Nanocapacitors with Big-Energy Storage
Nanopore arrays combine high power and storage capacity.
By Katherine Bourzac
Nanopore power: Arrays of capacitors built inside nanopores are shown here in a scanning electron micrograph image overlaid with an illustration that shows their design. The pores are etched into an aluminum substrate (dark yellow). The capacitors form two thin layers of metal (blue) separated by a layer of insulating material (light yellow).
Credit: A. James Clark School of Engineering, University of Maryland
The ultimate electronic energy-storage device would store plenty of energy but also charge up rapidly and provide powerful bursts when needed. Sadly, today's devices can only do one or the other: capacitors provide high power, while batteries offer high storage.
Now researchers at the University of Maryland have developed a kind of capacitor that brings these qualities together. The research is in its early stages, and the device will have to be scaled up to be practical, but initial results show that it can store 100 times more energy than previous devices of its kind. Ultimately, such devices could store surges of energy from renewable sources, like wind, and feed that energy to the electrical grid when needed. They could also power electric cars that recharge in the amount of time that it takes to fill a gas tank, instead of the six to eight hours that it takes them to recharge today.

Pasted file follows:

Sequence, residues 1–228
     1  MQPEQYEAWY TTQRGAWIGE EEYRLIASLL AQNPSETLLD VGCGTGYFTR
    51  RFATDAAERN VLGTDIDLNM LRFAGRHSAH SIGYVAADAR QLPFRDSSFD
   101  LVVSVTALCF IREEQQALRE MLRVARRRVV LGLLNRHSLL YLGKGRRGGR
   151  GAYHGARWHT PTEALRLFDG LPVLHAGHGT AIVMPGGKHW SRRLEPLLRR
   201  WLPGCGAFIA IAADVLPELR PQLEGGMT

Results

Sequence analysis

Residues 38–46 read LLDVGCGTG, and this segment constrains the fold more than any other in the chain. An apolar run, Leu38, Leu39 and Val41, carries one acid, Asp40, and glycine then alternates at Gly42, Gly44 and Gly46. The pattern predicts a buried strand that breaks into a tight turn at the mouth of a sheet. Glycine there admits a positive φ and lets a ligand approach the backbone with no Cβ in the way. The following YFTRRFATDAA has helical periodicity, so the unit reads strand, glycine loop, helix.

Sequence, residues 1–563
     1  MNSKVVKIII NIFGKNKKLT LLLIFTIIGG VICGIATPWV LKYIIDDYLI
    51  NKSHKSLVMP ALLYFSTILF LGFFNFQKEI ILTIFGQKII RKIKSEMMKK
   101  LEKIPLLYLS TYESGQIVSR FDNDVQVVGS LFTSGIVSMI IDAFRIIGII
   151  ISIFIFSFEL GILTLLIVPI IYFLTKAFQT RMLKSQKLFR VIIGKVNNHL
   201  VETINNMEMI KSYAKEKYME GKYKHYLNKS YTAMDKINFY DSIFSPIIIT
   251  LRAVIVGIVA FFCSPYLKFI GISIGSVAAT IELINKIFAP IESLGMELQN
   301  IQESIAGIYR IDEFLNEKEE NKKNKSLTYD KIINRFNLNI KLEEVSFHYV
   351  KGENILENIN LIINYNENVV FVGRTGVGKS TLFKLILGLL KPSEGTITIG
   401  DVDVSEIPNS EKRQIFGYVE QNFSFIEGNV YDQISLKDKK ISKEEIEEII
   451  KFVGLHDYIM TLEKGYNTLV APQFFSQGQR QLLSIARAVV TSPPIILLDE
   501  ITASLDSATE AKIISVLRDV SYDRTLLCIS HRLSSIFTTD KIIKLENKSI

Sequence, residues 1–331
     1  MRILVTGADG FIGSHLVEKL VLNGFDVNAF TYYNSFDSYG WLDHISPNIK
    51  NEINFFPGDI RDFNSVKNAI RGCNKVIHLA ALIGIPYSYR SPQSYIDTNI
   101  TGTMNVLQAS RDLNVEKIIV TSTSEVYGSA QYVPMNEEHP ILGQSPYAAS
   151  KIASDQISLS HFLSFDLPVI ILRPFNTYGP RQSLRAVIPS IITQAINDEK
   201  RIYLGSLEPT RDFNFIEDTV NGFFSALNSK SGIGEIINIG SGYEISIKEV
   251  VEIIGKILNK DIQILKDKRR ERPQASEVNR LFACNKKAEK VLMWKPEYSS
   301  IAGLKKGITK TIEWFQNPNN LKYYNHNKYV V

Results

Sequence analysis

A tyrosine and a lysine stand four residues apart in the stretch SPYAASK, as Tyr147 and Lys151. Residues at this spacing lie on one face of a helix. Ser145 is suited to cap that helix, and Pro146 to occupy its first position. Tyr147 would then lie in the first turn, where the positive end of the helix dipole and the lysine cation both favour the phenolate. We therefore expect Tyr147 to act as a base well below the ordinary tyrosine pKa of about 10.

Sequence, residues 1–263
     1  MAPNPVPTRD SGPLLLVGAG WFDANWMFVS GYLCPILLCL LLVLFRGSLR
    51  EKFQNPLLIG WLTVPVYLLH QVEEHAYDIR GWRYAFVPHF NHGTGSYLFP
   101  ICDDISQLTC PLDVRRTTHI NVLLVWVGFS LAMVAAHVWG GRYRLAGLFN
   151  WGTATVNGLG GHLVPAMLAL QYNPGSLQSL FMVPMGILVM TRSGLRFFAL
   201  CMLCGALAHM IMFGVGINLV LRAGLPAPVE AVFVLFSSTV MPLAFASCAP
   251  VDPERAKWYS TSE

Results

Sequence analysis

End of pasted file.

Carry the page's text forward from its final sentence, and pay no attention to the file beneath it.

There are many different kinds of batteries and capacitors, but in general, batteries can store large amounts of energy yet tend to charge up slowly and wear out quickly. Capacitors, meanwhile, have longer lifetimes and can rapidly discharge, but they store far less total energy. Electrochemists and engineers have been working to solve this energy-storage problem by boosting batteries' power and increasing capacitors' storage capacity.
Sang Bok Lee, a chemistry professor, and Gary Rubloff, a professor of engineering and director of the Maryland NanoCenter, created nanostructured arrays of electrostatic capacitors. Electrostatic capacitors are the simplest kind of electronic-energy-storage device, says Rubloff. They store electrical charge on the surface of two metal electrodes separated by an insulating material; their storage capacity is directly proportional to the surface area of these sandwich-like electrodes. The Maryland researchers boosted the storage capacity of their capacitors by using nanofabrication to increase their total surface area. Their electrodes work in the same way as ones found in conventional capacitors, but instead of being flat, they are tubular and tucked deep inside nanopores.
The fabrication process begins with a glass plate coated with aluminum. Pores are etched into the plate by treating it with acid and applying a voltage. It's possible to make very regular arrays of tiny but deep pores, each as small as 50 nanometers in diameter and up to 30 micrometers deep, by carefully controlling the reaction conditions. The process is similar to one used to make memory chips. "Next you deposit a very thin layer of metal, then a thin layer of insulator, then another thin layer of metal into these pores," says Rubloff. These three layers act as the nanocapacitors' electrodes and insulating layer. A layer of aluminum sits on top of the device and serves as one electrical contact; the other contact is made with an underlying aluminum layer.